One of the biggest problems that foreign patients face in India is the uncertainty regarding their final hospital bills. From a hospital’s point of view, it is almost impossible to provide an accurate estimate of likely expenses before the patient arrives at their doors. The variables involved in estimating the costs are quite complex and unpredictable. Often, the hospitals are required to respond based on old medical scans and reports of dubious quality sent by the patient over email. Sometimes because of different languages, translated reports do not accurately capture the patient’s present condition. Even if all this goes well, hospitals often discover at the time of patient’s admission undisclosed and hidden co-morbid conditions that require management before the patient can be taken up for a planned surgery. These situations are quite inevitable and an inaccurate estimate is really no one’s fault.
To make things infinitely worse, surgical complications, infections, and completely unanticipated medical exigencies also lead to prolonged stay and medical bills shooting up. These situations are a part and parcel of an episode of hospitalization. International patients usually travel for complex tertiary care needs and the variables involved are far more than those who require simple straightforward surgeries. This makes the likelihood of the bills going up even more.
From the point of view of a patient, who is in a strange country not knowing how much he may be required to pay for his treatment is always worrisome. Once, the nightmare of a complication starts unfolding, on one hand, the family of the patient worries about his prognosis and recovery, on the other hand, they live in the fear of the consequences of not being able to settle their bills. The patient’s family also worries about being fleeced by unscrupulous healthcare facilitator hanging around in the lobbies of most of our hospitals. They simply don’t know whom to trust with the limited financial resources that they have at their disposal.
All this leads to ugly uncalled-for situations. The hospitals feel that they are not getting their rightful due, the patients feel cheated as they believe that the bill escalation is not their problem and the hospitals should charge them no more than the estimate provided to them at the time of admission. Complaints fly thick and fast, embassies get involved, the HCF’s find themselves in the middle, unable to assuage either the patient or the hospital. The matters usually get resolved only after a lot of acrimony, ill-will and nobody really feels good about all this.
Here are some suggestions to handle this. These have been in circulation for some time but have not been implemented in any hospital in India that I know of.
The hospitals can possibly look at creating a fund that can be used to pay for patients whose bills unexpectedly run high and are not fully settled. The fund can be created by the hospitals charging a small sum from all international patients they handle and by contributing some amount themselves. This would mean that each international patient pays a little bit to help a fellow foreign patient, who might be facing financial difficulties. The hospital too contributes by reducing the bill by a pre-defined amount in all such cases. A suitable mechanism can be evolved to ensure that these funds are used judiciously and not squandered away. This will avoid the nasty situation that almost always presents itself when an international patient is unable to settle his bills.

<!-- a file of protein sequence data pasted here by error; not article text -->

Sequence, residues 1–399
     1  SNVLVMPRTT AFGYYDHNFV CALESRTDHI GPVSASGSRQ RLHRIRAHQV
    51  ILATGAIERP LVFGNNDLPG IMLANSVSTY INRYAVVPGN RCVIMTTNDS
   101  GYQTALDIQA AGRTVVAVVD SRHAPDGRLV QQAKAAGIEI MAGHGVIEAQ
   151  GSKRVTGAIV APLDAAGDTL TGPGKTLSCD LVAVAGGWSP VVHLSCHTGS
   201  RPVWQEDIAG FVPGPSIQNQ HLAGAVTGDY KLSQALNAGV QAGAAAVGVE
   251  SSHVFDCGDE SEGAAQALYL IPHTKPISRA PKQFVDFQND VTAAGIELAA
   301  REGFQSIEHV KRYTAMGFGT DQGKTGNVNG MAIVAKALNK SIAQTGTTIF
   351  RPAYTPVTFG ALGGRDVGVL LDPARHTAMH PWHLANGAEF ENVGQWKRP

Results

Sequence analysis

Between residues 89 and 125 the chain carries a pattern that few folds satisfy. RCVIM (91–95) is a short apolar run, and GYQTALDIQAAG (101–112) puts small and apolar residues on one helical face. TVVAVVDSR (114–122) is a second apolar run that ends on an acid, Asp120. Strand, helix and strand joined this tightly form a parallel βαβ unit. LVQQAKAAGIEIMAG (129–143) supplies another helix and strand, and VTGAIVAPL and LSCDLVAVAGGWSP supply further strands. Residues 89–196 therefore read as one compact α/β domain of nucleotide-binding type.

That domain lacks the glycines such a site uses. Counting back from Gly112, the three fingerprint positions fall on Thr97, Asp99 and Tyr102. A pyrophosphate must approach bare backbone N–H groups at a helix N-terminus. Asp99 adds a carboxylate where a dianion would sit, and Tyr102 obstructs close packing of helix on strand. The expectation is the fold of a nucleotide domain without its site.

Another way to manage this could be a ‘’Complications Insurance Cover’’ that a patient can buy from a general insurance company. On a visit to Dubai recently, I learned that they have now put in place a system of mandatory ‘’Complications Insurance’’, which a patient must buy before undergoing treatment at a hospital. Essentially, this means that the patient covers the risk of a complication through an insurance cover designed for this purpose. The product seems to be in its early life-cycle yet and is being offered by a few insurance companies, I am hopeful that Indian insurance companies would also look at it favorably. Maybe, the government can mandate that all patients traveling to India on a medical visa must buy a cover of a minimum value before they go under the knife in an Indian hospital.
I do realize that it requires a lot of work in developing a viable product of this nature by the insurance companies. However, with MVT into India growing at a CAGR of 15-20%, with patient arrivals already in the region of 200000 plus per annum, maybe there is an opportunity for the insurance companies to get into this. Assuming a minimum premium of USD 300 per patient (roughly 5% of the average bill value of the patient), this translates into a minimum USD 60mn opportunity per annum and growing handsomely. The calculations here are simplistic; however, it is undeniable that an opportunity exists for the insurance companies.
Let us hope that some of these remedies find favor with hospitals in India. These can go a long way in removing a thorny irritant, which often causes bad blood, even when the medical outcome and the general patient experience in the hospital have been good.